Louisiana life expectancy rating among the worst in the U.S.

Medical background / Photo: Wesley Wilson / (MGN)
Medical background / Photo: Wesley Wilson / (MGN)
Published: Jun. 19, 2019 at 10:05 AM CDT
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A new study shows Louisiana is ranked 47th in the nation in terms of life expectancy. The nine states with the lowest life expectancy ratings are located in the south, with Arkansas ranked 44th in the country. Mississippi is 50th.

For comparison, here are the best ten states:

1. Hawaii

2. California

3. Connecticut

4. Minnesota

5. New York

6. Massachusetts

7. New Jersey

8. Washington

9. Colorado

10. Vermont

That ranking comes from a new study by

. Efforts are already underway to improve the ranking.

In Louisiana, heart disease and cancer account for nearly 90 percent of deaths statewide, with life expectancy now standing at 75.6 years.

That’s three years shorter than the national average.

And that has led to the statewide effort T.A.C.L., which stands for Taking Aim at Cancer in Louisiana.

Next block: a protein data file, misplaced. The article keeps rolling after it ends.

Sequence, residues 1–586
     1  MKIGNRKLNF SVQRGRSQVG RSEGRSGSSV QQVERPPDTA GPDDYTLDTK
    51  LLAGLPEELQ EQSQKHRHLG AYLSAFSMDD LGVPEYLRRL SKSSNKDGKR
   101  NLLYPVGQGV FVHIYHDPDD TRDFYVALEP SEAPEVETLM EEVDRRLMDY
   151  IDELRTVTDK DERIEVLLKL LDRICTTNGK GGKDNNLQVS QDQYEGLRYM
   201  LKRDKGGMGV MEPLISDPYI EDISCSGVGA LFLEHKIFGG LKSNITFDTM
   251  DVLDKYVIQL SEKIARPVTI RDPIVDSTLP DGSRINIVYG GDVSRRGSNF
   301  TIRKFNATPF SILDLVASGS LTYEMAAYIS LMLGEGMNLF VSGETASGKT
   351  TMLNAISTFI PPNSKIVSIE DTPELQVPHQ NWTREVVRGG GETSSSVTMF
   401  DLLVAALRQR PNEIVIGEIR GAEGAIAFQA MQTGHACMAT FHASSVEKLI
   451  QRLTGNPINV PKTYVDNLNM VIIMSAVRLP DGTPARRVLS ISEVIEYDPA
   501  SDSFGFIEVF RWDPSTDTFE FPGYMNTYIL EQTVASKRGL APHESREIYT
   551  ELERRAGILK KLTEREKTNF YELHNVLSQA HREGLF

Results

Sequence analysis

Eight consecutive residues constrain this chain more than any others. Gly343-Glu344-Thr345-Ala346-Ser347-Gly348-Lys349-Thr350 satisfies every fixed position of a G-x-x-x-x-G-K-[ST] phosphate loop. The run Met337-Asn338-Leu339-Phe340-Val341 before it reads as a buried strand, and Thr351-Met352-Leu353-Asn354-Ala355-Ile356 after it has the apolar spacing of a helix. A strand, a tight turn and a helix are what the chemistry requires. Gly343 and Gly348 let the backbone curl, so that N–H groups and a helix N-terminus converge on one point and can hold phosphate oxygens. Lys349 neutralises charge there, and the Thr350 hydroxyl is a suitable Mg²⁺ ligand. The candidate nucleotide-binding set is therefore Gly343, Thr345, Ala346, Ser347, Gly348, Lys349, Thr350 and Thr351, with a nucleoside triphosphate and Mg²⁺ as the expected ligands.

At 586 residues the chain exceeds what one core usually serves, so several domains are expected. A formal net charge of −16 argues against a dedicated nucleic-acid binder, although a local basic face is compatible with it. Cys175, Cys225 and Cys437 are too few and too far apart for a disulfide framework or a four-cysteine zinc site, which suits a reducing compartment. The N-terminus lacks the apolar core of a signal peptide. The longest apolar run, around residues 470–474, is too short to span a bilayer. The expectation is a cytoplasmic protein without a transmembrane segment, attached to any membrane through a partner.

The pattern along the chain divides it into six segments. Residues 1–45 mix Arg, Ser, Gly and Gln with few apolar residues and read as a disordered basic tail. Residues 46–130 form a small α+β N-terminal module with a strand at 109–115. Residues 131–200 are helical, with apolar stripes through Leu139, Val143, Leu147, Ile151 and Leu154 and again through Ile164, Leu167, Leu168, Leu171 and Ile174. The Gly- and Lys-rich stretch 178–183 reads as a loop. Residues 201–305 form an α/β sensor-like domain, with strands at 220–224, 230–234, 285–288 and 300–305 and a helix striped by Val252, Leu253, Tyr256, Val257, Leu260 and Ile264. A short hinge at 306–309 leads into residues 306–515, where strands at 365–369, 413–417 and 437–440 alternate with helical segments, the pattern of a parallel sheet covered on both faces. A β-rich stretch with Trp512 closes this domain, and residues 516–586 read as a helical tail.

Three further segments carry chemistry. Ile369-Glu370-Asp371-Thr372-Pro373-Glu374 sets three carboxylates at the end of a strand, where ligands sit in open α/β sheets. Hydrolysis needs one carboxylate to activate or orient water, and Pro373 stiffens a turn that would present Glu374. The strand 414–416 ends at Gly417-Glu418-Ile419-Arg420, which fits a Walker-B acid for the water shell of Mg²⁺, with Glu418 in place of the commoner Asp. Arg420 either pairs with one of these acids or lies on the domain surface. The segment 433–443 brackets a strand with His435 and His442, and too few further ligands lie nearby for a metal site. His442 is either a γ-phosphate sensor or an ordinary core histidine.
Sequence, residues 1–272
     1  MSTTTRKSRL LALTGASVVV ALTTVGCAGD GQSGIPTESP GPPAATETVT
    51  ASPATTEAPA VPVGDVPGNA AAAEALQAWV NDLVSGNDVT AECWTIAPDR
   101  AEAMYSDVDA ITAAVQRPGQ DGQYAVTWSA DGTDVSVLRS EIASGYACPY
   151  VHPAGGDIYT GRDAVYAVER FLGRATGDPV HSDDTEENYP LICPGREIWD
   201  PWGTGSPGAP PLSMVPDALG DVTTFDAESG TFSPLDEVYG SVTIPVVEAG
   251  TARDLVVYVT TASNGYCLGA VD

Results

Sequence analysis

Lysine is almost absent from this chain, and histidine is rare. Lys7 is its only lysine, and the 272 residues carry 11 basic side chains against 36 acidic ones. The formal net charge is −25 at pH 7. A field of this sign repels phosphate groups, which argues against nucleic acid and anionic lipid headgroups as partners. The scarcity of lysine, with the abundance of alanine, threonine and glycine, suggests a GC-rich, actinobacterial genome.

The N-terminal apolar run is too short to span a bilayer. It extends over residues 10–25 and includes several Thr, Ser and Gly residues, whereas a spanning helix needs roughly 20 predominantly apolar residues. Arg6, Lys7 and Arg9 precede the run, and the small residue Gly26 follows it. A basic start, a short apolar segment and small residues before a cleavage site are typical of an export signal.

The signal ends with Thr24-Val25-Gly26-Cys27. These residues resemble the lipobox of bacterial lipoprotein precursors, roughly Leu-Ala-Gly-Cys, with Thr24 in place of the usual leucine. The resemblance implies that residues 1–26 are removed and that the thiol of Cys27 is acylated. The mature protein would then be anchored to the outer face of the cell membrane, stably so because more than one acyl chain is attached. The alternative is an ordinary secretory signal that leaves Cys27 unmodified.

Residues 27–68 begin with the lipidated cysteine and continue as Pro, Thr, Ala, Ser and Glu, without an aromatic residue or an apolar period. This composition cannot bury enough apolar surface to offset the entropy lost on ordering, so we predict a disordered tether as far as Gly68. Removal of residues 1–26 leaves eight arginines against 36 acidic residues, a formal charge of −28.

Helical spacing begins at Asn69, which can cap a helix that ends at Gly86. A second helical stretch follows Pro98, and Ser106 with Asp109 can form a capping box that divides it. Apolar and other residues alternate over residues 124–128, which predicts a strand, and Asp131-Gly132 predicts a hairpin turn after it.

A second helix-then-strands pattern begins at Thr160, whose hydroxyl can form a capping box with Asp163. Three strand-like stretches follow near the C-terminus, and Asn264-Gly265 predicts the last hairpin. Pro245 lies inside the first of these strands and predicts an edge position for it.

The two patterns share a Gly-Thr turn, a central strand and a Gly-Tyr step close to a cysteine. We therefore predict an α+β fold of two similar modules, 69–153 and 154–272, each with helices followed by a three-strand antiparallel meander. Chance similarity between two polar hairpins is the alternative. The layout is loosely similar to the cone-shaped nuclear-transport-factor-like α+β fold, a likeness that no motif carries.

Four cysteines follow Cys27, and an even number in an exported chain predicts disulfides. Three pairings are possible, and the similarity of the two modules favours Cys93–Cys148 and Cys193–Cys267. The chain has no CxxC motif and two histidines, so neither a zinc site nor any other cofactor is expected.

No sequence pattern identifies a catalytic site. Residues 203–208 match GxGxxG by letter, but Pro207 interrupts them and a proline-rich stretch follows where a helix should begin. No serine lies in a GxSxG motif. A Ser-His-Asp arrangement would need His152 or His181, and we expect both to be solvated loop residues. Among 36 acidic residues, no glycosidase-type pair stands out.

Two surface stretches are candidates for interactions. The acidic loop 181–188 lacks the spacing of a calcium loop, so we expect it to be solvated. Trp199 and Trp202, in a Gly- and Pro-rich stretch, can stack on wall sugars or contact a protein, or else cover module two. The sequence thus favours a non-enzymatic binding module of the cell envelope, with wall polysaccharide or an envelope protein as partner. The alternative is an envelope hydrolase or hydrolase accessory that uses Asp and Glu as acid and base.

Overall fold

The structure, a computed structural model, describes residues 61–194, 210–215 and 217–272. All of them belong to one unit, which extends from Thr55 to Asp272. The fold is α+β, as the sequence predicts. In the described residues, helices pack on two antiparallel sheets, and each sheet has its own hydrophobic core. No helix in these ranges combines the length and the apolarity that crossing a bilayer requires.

Greg Sonnenfeld, who serves as vice chairman of T.A.C.L. and coordinates oncology services for Ochsner LSU Health in Shreveport, says getting more free screenings early on will help raise Louisiana’s life expectancy rate.

“People in Louisiana don’t get screened at the appropriate time. So we know that screening saves lives when we catch cancer at an early stage.”

Just living in Shreveport- Bossier City has its own health advantages.

The area has long been considered a regional medical hub and home for top-flight surgical and research facilities to fight both diseases.

Those include the Willis-Knighton Heart Institute in Shreveport, where cardiologist Sai Konduru pointed to three factors.

First, he explained, people are generally living more sedentary lives.

Second, there’s a person’s diet and trying to avoid processed foods.

And third, Konduru concluded that there’s a general lifestyle that’s often not too healthy either, at least for many of us.

"Sedentary lifestyle is a big deal in this day and age. And I think that starts this vicious cycle of hypertension, obesity, diabetes, pre-diabetes and then cardiovascular disease."

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